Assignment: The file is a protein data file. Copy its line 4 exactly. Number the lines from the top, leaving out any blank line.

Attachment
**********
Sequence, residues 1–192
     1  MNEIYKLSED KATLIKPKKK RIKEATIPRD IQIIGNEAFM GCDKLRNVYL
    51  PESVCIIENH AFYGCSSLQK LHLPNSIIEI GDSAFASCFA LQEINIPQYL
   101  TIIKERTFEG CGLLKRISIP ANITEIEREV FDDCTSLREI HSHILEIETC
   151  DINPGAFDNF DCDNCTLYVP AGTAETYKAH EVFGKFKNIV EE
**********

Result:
   101  TIIKERTFEG CGLLKRISIP ANITEIEREV FDDCTSLREI HSHILEIETC